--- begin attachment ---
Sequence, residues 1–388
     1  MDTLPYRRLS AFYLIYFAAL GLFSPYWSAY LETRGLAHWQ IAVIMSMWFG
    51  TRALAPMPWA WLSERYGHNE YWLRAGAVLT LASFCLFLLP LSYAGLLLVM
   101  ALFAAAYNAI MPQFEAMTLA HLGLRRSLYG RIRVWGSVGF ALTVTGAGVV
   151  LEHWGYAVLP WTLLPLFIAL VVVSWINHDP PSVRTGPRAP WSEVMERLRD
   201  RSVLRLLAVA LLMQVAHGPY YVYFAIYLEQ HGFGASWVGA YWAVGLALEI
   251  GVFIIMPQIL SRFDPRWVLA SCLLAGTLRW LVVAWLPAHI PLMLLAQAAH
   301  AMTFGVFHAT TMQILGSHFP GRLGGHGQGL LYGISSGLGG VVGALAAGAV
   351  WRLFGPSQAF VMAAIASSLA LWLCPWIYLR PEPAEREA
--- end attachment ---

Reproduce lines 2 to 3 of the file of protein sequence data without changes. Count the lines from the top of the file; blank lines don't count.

     1  MDTLPYRRLS AFYLIYFAAL GLFSPYWSAY LETRGLAHWQ IAVIMSMWFG
    51  TRALAPMPWA WLSERYGHNE YWLRAGAVLT LASFCLFLLP LSYAGLLLVM